The finished camp

A quick paint job on the hut including painting on the wooden beams in the wall for that medieval look took moments and then I stuck it in place.
At this point for finishing flourish I added some different flock to break up the grass areas. I do have a couple of figures I might add to this, but for a model that took me about 3 hours I’m really pleased with the results.

MWS Quiz 24th February 2021 – Answers

Here are the answers to Peter’s latest quiz…

Q1a: “Green Grow The Rushes Oh” was widely sung by American troops in which war?

Answer: 1846 War with Mexico

Q1b: What nickname did the Spanish/Mexican population give these troops?

Answer: “Gringos”

Q2a: What TV series usually ends with a rendition of ‘Over The Hills & Far Away’?

Answer: Sharpe

Q2b: In which century was it first regularly sung by British troops?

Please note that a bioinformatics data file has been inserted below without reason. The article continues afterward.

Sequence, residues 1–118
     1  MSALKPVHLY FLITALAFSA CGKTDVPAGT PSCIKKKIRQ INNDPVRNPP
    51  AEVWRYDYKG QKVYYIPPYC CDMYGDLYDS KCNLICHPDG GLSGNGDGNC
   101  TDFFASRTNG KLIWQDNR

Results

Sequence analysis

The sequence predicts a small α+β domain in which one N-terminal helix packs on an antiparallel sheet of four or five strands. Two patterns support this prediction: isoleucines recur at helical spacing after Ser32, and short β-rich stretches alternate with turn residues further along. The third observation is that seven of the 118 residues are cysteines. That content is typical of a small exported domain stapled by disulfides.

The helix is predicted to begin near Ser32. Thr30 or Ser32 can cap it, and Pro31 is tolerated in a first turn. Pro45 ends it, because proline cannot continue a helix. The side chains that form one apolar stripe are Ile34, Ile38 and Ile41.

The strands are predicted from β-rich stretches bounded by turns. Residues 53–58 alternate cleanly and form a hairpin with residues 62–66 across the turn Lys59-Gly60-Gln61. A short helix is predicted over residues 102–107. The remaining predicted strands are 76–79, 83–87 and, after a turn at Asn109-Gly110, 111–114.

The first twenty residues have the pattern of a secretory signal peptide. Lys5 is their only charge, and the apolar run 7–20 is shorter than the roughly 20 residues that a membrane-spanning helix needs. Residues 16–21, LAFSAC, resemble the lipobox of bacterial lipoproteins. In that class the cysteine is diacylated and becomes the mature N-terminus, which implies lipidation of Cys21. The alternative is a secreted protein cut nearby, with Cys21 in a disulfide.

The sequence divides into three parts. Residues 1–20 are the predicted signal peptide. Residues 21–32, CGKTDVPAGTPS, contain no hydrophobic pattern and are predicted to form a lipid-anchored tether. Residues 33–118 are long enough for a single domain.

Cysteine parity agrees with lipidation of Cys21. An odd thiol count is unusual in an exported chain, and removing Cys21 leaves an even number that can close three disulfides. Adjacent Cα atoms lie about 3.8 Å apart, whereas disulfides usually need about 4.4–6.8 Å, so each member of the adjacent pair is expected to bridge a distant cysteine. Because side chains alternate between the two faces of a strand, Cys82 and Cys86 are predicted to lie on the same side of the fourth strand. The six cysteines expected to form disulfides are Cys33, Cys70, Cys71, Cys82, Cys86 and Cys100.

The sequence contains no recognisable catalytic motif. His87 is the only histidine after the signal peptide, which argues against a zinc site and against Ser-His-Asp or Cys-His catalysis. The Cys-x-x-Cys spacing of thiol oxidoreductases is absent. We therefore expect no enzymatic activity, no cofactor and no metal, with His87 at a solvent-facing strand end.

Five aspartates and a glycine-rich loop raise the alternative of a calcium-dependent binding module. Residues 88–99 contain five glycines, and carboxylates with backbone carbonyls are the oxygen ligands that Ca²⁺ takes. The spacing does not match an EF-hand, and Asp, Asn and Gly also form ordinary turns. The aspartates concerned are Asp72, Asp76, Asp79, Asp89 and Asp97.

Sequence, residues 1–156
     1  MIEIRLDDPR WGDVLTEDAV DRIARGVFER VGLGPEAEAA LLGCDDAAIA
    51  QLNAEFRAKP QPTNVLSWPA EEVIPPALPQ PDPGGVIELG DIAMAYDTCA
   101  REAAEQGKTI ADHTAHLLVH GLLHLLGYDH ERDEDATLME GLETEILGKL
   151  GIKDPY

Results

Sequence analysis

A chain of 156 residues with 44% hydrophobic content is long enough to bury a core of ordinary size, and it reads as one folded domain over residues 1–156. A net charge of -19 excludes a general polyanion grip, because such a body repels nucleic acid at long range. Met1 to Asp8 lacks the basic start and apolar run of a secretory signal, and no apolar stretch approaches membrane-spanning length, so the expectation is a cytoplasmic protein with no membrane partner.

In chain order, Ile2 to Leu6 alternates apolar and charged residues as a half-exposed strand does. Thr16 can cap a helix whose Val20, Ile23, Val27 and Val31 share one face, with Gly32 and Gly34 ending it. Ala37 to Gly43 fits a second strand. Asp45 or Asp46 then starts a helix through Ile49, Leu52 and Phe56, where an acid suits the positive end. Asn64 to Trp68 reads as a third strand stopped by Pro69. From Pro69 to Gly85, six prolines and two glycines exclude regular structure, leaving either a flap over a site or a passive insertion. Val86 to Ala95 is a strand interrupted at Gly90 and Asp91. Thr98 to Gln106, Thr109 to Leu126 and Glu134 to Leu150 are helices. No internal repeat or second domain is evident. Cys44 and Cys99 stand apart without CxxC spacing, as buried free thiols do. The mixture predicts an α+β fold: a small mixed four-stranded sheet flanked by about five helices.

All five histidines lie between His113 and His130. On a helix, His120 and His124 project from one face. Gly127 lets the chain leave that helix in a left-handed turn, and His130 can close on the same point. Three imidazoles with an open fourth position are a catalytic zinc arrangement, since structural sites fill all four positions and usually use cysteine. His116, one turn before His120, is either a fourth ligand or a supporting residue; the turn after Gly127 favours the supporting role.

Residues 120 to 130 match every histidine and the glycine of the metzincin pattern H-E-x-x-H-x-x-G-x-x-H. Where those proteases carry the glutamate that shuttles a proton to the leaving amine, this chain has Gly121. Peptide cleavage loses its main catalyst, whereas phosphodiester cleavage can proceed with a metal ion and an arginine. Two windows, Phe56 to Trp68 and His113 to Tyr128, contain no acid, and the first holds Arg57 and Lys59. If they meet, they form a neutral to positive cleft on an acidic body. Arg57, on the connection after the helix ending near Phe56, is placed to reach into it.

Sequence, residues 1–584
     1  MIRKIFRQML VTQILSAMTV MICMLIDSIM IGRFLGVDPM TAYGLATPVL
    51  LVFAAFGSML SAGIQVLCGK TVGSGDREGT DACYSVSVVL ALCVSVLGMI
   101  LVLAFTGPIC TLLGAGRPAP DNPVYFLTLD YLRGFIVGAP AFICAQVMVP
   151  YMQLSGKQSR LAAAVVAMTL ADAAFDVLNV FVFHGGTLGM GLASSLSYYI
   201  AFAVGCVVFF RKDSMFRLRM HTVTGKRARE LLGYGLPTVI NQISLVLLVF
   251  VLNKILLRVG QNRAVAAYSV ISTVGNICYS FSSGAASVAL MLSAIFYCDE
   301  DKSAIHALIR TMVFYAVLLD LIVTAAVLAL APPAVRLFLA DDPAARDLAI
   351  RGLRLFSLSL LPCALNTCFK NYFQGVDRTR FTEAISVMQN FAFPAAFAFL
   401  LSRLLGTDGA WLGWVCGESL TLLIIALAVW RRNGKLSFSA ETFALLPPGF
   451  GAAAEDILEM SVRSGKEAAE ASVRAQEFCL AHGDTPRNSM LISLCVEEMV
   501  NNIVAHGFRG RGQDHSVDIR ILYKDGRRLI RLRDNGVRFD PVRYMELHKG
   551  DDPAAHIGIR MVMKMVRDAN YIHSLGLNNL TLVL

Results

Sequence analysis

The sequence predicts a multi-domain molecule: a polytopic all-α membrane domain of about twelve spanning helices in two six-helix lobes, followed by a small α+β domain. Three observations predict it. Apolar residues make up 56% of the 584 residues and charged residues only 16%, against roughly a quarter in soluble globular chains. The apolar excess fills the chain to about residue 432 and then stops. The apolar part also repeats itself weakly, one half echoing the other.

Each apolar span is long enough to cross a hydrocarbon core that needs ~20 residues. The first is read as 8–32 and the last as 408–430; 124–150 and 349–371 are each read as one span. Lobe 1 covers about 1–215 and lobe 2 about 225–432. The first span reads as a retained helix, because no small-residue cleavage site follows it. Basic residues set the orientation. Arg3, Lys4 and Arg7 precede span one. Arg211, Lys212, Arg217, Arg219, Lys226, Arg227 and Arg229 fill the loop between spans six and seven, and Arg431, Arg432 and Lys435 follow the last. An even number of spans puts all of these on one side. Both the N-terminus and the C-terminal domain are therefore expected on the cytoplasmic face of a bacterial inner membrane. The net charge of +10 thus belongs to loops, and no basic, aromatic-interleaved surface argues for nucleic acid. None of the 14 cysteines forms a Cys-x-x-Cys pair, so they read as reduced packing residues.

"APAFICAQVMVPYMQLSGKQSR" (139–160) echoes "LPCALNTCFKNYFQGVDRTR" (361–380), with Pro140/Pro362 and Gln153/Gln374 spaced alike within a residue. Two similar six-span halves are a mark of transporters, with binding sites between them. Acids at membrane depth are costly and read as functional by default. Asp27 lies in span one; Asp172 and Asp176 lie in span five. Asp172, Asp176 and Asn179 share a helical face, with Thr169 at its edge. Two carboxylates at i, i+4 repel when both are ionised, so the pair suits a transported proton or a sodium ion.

Answer: 18th – it was a folk tune in the 17th (at least), but ‘army lyrics’ were 1706.

Q3a: Many regiments in the 19th Century had a band. Apart from signalling & boosting morale, what other key function did they often perform in combat?

Answer: Helping with the wounded.

Q3b: How did the Romans employ musicians in actual combat with Carthage?

Answer: Used to help scare the Carthaginian elephants.

Q4a: For a full orchestral staging, what unusual instruments do you need for a performance of Tchaikovsky’s 1812 overture?

Answer: Cannon!

Q4b: What was the WW2 ‘Red Orchestra’?

Answer: German intelligence name for a loose network of Soviet spy rings across Germany & Europe.

Q5a: The song ‘Lili Marlene’ was already very popular among German troops before WW2. Where did the British army first start to take it up?

Answer: North Africa.

Q5b: “We’ll Meet Again” by Vera Lynn is sung during the closing credits of which famous Cold War film?

Answer: Dr Strangelove.